Courtesy of our friends at History.com, I am pleased to begin each and every day of the week here at Bulldog Pundit with a snippet of some important event that occurred on this date sometime in the past. Some events might come readily to mind while others may take a bit of effort to recall. Not all are historically portentous and some may even seem whimsical. Nevertheless, each and every one is a grain in the hourglass of human history.
Nota Bene: By a curious universal coincidence, on December 17, 2003 I happened to be on an airliner bound for Florida that happened to be passing over Kitty Hawk, North Carolina at precisely the same time Orville Wright flew into history one century earlier. The pilot made sure to inform the passengers, all of whome erupted into applause and cheers.
Near Kitty Hawk, North Carolina, Orville and Wilbur Wright make the first successful flight in history of a self-propelled, heavier-than-air aircraft. Orville piloted the gasoline-powered, propeller-driven biplane, which stayed aloft for 12 seconds and covered 120 feet on its inaugural flight.
Orville and Wilbur Wright grew up in Dayton, Ohio, and developed an interest in aviation after learning of the glider flights of the German engineer Otto Lilienthal in the 1890s. Unlike their older brothers, Orville and Wilbur did not attend college, but they possessed extraordinary technical ability and a sophisticated approach to solving problems in mechanical design. They built printing presses and in 1892 opened a bicycle sales and repair shop. Soon, they were building their own bicycles, and this experience, combined with profits from their various businesses, allowed them to pursue actively their dream of building the world’s first airplane.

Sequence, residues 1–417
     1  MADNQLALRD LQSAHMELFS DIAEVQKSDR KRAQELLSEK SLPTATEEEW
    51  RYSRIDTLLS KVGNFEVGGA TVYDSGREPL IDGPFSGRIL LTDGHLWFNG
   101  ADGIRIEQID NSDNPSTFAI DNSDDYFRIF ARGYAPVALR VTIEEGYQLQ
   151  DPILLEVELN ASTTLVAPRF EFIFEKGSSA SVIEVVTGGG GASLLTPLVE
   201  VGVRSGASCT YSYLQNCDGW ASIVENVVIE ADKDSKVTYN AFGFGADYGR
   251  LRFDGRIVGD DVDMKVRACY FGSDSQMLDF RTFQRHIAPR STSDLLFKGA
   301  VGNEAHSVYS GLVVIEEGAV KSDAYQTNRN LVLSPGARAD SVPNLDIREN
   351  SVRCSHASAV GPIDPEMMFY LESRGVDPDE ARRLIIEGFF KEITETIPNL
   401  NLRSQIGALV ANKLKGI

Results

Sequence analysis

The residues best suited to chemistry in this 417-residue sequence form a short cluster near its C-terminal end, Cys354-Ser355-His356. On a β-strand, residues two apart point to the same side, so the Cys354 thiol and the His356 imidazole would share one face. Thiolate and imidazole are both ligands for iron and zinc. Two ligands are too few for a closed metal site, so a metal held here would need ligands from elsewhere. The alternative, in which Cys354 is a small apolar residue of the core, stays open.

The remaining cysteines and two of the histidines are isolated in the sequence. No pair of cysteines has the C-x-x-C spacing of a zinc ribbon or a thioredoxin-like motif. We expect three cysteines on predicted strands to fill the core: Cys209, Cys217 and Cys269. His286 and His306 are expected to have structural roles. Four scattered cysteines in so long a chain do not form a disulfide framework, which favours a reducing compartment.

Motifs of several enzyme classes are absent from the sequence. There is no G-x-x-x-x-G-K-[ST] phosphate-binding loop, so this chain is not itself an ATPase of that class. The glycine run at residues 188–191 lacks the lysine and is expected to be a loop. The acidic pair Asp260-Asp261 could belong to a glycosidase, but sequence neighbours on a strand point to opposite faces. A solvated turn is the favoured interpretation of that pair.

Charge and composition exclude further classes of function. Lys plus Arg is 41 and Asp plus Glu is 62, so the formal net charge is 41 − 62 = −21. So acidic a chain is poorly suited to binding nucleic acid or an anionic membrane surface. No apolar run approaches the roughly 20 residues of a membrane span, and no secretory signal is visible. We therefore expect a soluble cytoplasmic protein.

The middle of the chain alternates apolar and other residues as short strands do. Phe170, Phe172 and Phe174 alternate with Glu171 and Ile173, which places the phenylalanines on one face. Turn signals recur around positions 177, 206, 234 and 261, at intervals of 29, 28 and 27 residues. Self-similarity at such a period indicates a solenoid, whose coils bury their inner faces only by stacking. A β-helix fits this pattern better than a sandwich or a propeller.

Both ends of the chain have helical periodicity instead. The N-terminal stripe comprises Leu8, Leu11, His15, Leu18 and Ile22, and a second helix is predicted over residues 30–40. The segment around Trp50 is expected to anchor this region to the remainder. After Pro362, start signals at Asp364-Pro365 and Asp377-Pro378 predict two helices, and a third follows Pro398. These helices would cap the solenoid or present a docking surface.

After exhaustively researching other engineers’ efforts to build a heavier-than-air, controlled aircraft, the Wright brothers wrote the U.S. Weather Bureau inquiring about a suitable place to conduct glider tests. They settled on Kitty Hawk, an isolated village on North Carolina’s Outer Banks, which offered steady winds and sand dunes from which to glide and land softly. Their first glider, tested in 1900, performed poorly, but a new design, tested in 1901, was more successful. Later that year, they built a wind tunnel where they tested nearly 200 wings and airframes of different shapes and designs. The brothers’ systematic experimentations paid off–they flew hundreds of successful flights in their 1902 glider at Kill Devils Hills near Kitty Hawk. Their biplane glider featured a steering system, based on a movable rudder, that solved the problem of controlled flight. They were now ready for powered flight.
In Dayton, they designed a 12-horsepower internal combustion engine with the assistance of machinist Charles Taylor and built a new aircraft to house it. They transported their aircraft in pieces to Kitty Hawk in the autumn of 1903, assembled it, made a few further tests, and on December 14 Orville made the first attempt at powered flight. The engine stalled during take-off and the plane was damaged, and they spent three days repairing it. Then at 10:35 a.m. on December 17, in front of five witnesses, the aircraft ran down a monorail track and into the air, staying aloft for 12 seconds and flying 120 feet. The modern aviation age was born. Three more tests were made that day, with Wilbur and Orville alternately flying the airplane. Wilbur flew the last flight, covering 852 feet in 59 seconds.
During the next few years, the Wright brothers further developed their airplanes but kept a low profile about their successes in order to secure patents and contracts for their flying machines. By 1905, their aircraft could perform complex maneuvers and remain aloft for up to 39 minutes at a time. In 1908, they traveled to France and made their first public flights, arousing widespread public excitement. In 1909, the U.S. Army’s Signal Corps purchased a specially constructed plane, and the brothers founded the Wright Company to build and market their aircraft. Wilbur Wright died of typhoid fever in 1912; Orville lived until 1948.